New Pacemaker


Once again im new to the club and forum and im wondering if anyone can offer me some insight about this.

I had my pacemaker installed last week and have been monitoring my heart using a fitbit and checking my Blood pressure regularly.  My HR never goes below 60bpm and when im relaxing I feel pretty good.  But im experiencing what feels like palpitations or pounding heart once I start to walk or exert myself a little like go up a flight of stairs.. I also. get a littke shortness of breath.  I called the Dr and his nurse told me im scheduled for a follow up on Feb 9th and the Dr might have to make some adjustments. Is this typical and normal??  I really dont want to wait another 3 plus weeks before these adjustments get made. Not only is this  making me anxious but I reslly don't feel good. Im worrying that maybe something else is wrong. Can this have something to do with a Rate Response setting??

Just like to hear some opinions??



Please try to stay calm

by Gemita - 2021-01-19 04:03:31

Hello Steve,

Firstly, welcome.  I also have Sick Sinus Syndrome (Tachy/Brady Syndrome).  My dual chamber Medtronic pacemaker was implanted in May 2018.

My best advice is to try to stay calm, not to overcheck your blood pressure and heart rate because they will certainly be responding to your stress levels.  Additionally we all know that with a pacemaker, home monitors can be subject to error because a pacemaker + an arrhythmia like for instance a simple ectopic beat (PACs - premature atrial contractions or PVCs - premature ventricular contractions) can affect the results, making them unreliable.  I usually feel my neck pulse quickly when I get troublesome symptoms to see whether my heart rate is slow or fast, regular or irregular.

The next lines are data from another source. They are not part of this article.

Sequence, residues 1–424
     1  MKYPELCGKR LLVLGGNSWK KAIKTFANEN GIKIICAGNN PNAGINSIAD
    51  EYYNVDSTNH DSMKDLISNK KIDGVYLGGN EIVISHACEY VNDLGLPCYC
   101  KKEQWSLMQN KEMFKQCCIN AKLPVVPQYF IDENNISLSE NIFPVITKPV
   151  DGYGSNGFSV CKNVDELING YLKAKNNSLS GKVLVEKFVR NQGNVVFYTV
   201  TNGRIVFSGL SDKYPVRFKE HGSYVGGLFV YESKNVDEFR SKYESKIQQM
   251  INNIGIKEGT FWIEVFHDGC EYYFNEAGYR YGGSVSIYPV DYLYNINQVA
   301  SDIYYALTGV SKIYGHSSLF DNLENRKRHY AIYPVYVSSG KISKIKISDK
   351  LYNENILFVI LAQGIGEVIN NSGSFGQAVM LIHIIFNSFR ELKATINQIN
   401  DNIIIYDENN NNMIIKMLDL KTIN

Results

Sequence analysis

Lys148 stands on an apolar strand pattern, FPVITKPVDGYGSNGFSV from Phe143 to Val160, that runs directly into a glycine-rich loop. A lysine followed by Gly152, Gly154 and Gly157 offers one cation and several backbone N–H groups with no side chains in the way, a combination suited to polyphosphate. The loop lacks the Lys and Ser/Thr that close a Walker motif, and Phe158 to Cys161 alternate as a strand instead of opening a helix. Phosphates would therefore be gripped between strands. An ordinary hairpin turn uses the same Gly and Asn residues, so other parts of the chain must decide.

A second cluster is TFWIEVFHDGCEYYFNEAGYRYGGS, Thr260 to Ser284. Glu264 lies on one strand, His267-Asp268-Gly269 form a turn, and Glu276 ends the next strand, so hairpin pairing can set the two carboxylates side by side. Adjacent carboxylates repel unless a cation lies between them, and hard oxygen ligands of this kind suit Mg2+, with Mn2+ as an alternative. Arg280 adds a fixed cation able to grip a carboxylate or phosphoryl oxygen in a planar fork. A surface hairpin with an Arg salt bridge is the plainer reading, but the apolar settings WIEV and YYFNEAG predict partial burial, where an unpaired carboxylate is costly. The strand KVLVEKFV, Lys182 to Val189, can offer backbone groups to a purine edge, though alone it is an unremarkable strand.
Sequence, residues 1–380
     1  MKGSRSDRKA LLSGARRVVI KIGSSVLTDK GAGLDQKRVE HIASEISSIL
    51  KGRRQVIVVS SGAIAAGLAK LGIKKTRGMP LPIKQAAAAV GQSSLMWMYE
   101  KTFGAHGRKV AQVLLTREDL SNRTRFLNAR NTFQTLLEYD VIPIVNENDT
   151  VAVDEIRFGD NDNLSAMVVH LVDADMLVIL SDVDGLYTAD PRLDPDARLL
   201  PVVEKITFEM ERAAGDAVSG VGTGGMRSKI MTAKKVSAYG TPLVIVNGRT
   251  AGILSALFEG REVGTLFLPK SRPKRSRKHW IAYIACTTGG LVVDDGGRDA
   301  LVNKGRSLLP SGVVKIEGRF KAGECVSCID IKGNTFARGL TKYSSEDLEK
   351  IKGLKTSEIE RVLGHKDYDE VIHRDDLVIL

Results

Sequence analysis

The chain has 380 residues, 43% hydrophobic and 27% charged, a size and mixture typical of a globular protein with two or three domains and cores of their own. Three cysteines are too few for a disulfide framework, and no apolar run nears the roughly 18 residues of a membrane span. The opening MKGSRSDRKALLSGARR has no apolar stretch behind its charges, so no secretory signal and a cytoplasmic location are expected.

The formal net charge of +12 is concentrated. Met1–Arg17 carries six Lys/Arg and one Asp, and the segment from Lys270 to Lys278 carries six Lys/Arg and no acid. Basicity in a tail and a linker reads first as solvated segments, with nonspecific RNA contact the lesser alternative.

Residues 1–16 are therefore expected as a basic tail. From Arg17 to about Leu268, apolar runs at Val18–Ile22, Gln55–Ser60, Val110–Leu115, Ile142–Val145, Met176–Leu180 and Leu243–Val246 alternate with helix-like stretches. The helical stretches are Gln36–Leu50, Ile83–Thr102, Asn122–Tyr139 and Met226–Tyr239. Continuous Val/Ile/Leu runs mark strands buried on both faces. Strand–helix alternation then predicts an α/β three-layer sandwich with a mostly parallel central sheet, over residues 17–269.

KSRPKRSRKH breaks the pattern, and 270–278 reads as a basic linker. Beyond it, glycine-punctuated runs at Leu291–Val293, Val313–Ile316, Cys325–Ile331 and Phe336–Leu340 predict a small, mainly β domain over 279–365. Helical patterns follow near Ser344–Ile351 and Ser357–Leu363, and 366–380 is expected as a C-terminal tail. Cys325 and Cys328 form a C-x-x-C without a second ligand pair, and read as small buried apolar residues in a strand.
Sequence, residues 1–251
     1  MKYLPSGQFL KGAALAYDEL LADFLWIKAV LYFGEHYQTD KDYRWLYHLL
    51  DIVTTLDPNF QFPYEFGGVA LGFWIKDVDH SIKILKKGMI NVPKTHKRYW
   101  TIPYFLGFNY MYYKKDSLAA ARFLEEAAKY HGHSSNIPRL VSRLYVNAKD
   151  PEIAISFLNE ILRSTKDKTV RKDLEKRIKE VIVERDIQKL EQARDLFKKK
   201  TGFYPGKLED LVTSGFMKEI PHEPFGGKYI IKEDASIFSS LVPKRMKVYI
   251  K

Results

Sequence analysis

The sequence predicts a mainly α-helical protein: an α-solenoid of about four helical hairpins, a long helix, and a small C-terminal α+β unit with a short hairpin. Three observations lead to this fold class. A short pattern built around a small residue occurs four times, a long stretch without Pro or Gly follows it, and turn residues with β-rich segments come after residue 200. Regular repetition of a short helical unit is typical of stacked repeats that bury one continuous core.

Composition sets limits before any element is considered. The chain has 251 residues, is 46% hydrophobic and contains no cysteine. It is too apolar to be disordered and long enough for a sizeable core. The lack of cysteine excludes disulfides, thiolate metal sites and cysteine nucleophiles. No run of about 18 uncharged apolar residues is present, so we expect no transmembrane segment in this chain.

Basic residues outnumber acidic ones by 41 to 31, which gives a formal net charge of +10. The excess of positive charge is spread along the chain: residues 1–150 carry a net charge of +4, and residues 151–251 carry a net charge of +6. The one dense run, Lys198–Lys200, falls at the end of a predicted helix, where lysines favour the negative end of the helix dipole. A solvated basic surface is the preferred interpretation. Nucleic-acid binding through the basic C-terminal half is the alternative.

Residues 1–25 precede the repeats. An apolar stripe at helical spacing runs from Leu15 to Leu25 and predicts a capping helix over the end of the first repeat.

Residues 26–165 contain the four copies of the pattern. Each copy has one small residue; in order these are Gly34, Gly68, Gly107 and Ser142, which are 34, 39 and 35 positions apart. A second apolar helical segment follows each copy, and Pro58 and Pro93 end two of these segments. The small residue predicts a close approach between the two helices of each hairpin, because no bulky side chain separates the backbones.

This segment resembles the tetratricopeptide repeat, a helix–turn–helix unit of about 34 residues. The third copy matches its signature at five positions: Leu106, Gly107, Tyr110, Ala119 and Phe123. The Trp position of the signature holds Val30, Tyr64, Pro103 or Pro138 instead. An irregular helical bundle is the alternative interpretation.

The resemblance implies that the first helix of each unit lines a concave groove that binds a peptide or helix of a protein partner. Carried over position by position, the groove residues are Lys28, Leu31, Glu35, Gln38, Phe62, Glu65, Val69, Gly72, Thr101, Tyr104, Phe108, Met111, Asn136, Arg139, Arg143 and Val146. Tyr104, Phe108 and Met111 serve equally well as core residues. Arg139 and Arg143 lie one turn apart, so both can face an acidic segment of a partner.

Please remember too following any stressful event (and an implant is a stressful event) our hearts may respond by throwing some unexpected palpitations which can be normal.  This happened to me and lasted intermittently for a few months but eventually settled without too much intervention.  In fact my doctors knew this could happen and wanted to wait before going in and changing anything too quickly and then potentially throwing another setting out.  It is a fine balancing act initially to get our settings right and our hearts to calm down, but both will Steve.

Can this be due to Rate Response, yes it can but it may be due to something else too.  I feel if your symptoms are really troublesome you should ask whether you could 1. do a home transmission direct to your clinic for them to see what is happening when it is actually happening (say at home on climbing stairs) or ask courteously if you could 2. go in to see them earlier for some checks since you are highly symptomatic and finding it difficult to tolerate your breathlessness and palpitations.

Steve I had the same symptoms initially on climbing stairs when I found myself sometimes fighting for air.  Mine were not caused by rate response alone but also by arrhythmias (like simple ectopics mentioned above and other more significant ones).  My rate response is now turned on.  They may be able to correct the problem by adjusting the rate response settings or changing other settings but you need to be seen for this to be done.

So no worrying please, ask about making a home transmission direct to the clinic if you are set up with a home monitor or courteously ask to go in for some checks immediately if you are unable to tolerate your symptoms.

New Pacemaker

by Selwyn - 2021-01-19 05:51:49

It certainly is not normal.

Your resting heart rate at 60 bpm sounds normal as the lower rate limit for a PM is often set to this. I have just had mine raised a bit to try to help with the shortness of breath on stairs and postural dizziness. Shortness of breath on stairs seems to be quite a common problem.

It is predominantly a waste of time and effort taking your blood pressure, in this situation once it has been found to be within the normal range. Anxiety can certainly raise your BP and who is not anxious after having a pacemaker?  A Fitbit is not accurate. 

Palpitations mean different things to different people.  Almost all people are more aware of their heart after someone has messed around with it. [I remember asking the doctor why I was feeling the pulse in my big toe!]. If palpitations are in runs then this is more of concern. It the palpitations are irregular, this is more of concern. If there is concern, you  need an ECG or monitoring.